UW Ag College kicks off First-Grains Project
for Tri-State Livestock News
While taking a group of students on a trip to France, Tom Foulke came across a cookbook, “Un Repas Historique Moyen Age.” The cookbook shared details about some foods not commonly eaten by Americans. The book discussed old-time cereal grains, including spelt. It explained how spelt was used in the preparation of beer, that it is good for health and can cure depression and melancholy.
Foulke started asking around in the college to find out why no one was doing more research on ancient grains like spelt and emmer wheat. He started to think about putting together a project to further the research on these grains and if it is economical to grow them as an alternative to other grains.
“What if we get an economist to look at this, and then get an agronomist to grow it, and then find out if it’s economic to grow, and if there is a market for it,” Foulke said.
After looking into it some more, Foulke decided it was worth pursuing and started talking to others in the college to see if he could go ahead with the project. He said the university has been very supportive of the project.
“We are trying to cover the bases with the people we have here in the college,” Foulke said. “We have a lot of smart people here and we are trying to draw them together to develop this industry.”
When looking into the history of these ancient grains, Foulke found there was a lot of misinformation commonly shared. He realized that it would be important to come up with a new name that would help explain the science of these grains.
“I woke up one morning and decided we should call these first-grains,” Foulke said. “They were the first domesticated cereal crops.”
He said there are many different “first-grains,” such as emmer wheat, spelt and heritage varieties of barley. This year, the project only focused on growing emmer wheat and spelt.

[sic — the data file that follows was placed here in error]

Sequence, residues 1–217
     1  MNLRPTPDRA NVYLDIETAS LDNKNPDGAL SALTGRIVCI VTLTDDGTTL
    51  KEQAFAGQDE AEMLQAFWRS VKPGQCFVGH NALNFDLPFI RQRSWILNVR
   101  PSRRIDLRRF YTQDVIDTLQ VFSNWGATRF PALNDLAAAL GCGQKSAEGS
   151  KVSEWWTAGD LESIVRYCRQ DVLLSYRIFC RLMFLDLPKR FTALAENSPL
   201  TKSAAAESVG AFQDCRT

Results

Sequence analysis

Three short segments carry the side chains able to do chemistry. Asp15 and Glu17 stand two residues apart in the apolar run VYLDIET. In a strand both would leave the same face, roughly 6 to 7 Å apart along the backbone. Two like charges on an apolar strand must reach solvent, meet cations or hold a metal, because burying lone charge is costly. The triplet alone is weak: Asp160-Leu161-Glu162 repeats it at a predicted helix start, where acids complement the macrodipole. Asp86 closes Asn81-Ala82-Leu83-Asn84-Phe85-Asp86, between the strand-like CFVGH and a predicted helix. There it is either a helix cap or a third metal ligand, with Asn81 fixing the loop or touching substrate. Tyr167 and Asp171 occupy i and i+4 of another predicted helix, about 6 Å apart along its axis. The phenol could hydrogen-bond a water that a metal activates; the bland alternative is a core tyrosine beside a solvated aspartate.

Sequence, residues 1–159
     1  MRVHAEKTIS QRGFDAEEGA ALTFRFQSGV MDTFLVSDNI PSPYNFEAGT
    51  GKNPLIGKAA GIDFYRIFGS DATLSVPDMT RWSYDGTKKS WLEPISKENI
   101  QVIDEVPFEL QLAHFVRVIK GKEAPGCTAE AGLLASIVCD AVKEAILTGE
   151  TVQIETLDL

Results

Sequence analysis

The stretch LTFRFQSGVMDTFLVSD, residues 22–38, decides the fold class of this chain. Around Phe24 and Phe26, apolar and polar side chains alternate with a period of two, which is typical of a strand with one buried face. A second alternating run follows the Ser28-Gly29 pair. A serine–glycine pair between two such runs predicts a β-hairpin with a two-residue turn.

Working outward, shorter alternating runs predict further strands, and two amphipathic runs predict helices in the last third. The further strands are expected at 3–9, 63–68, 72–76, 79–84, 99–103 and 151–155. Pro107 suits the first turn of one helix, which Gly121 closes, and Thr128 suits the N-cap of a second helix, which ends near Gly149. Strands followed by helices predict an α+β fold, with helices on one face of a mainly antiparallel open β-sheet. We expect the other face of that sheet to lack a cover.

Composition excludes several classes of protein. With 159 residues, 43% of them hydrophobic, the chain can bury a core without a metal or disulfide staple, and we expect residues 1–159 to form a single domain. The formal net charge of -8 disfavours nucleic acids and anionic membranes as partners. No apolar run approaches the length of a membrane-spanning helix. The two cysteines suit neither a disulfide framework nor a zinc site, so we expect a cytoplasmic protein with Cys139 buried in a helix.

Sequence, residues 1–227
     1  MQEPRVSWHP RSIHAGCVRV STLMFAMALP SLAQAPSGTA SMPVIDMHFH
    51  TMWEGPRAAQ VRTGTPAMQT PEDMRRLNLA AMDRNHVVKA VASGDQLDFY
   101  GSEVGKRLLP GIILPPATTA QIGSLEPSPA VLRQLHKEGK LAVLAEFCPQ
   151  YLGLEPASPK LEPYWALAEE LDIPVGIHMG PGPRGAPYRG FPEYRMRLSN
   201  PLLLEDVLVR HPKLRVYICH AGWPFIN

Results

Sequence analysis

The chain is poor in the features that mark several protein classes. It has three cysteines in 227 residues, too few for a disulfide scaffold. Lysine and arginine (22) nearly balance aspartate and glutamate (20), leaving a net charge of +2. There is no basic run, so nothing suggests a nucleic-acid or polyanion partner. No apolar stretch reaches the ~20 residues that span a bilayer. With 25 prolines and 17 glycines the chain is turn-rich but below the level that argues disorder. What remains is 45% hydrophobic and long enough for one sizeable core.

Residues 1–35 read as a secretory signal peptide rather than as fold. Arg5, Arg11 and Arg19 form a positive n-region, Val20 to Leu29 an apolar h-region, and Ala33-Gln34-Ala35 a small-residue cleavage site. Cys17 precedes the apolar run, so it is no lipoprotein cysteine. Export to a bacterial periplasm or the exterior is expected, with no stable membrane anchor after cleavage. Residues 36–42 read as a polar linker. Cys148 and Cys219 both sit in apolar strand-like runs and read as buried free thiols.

Growing these grains and then making use for them would be a huge risk for the farmers in the state, so Foulke believes this is a good project for the university to try first. This way they can help establish and create an industry or if it turns out to not be economically they can walk away without significant financial losses.
“Our goal is to help diversify the Wyoming economy, help create jobs, and income,” Foulke said.
Because these grains first started growing in Neolithic times, Foulke decided that was a fitting name for the brand. He is currently working to trademark the name “Neolithic,” its symbol of the ancient sun, and the tagline: “One step away from wild.”
This year they were able to produce 12 tons of spelt and 14 tons of emmer wheat. Now that they have the crop, the next phase of the project was to look into what the crop could be used for.
Foulke said the German word for spelt is “Dinkle,” and in Germany they sell “Dinkle” beer. Spelt can be used as malt for beer or it can be used to make bread. It has more fiber than whole wheat and a higher content than zinc. Jill Keith is a nutritionist at the university who will be looking closer at the health benefits of the different first grains.
They are partnering with the Wyoming Malting Company in Pine Bluffs, Wyo., to malt the grain. Then they will take the malt to the craft breweries that are participating in the project.
Foulke explained that they are going to give some malt samples to the interested breweries to help build and establish the brand. They have created some marketing materials to go with the malt, such as coasters, magnets, and informational table tents.
“We want them to experiment with these grains, to see what works and what doesn’t,” Foulke said. “Maybe they will come up with something that’s really new and innovative.”
By next year, they hope to start charging for the malt to develop the industry. If all goes well they will be able to move it away from the university and create a business with it.
Foulke said they also plan to look into making flour with these grains. The big problem they are facing now is how they will de-hull the grain. In order to make flour, it needs de-hulled but there isn’t a place in Wyoming that can do this.
They are looking into buying a de-huller, which would be the only non-organic de-huller in the state. Foulke believes that this equipment could also help the state.
“If we don’t use it at capacity, we could actually use it to de-hull other grains for other people,” Foulke said.
Another issue they have run into is finding milling capacity. They are looking into buying a mill as well that can be used for next year.
“We are a bigger scale than the farmers market scale, but we aren’t big enough for the industrial scale,” Foulke said.
Along with growing the grain and creating products, they are looking into the marketing aspect of the project. They hope to build a brand that they can sell if this project comes up successful.
“What we want to end up with is basically a turn-key operation,” Foulke said. “So, we have the hulling capacity, the intellectual property with the brand names, maybe a group of farmers who can grow these crops and know how to grow them really well and a list of brew pubs and bakeries that go with it.” F
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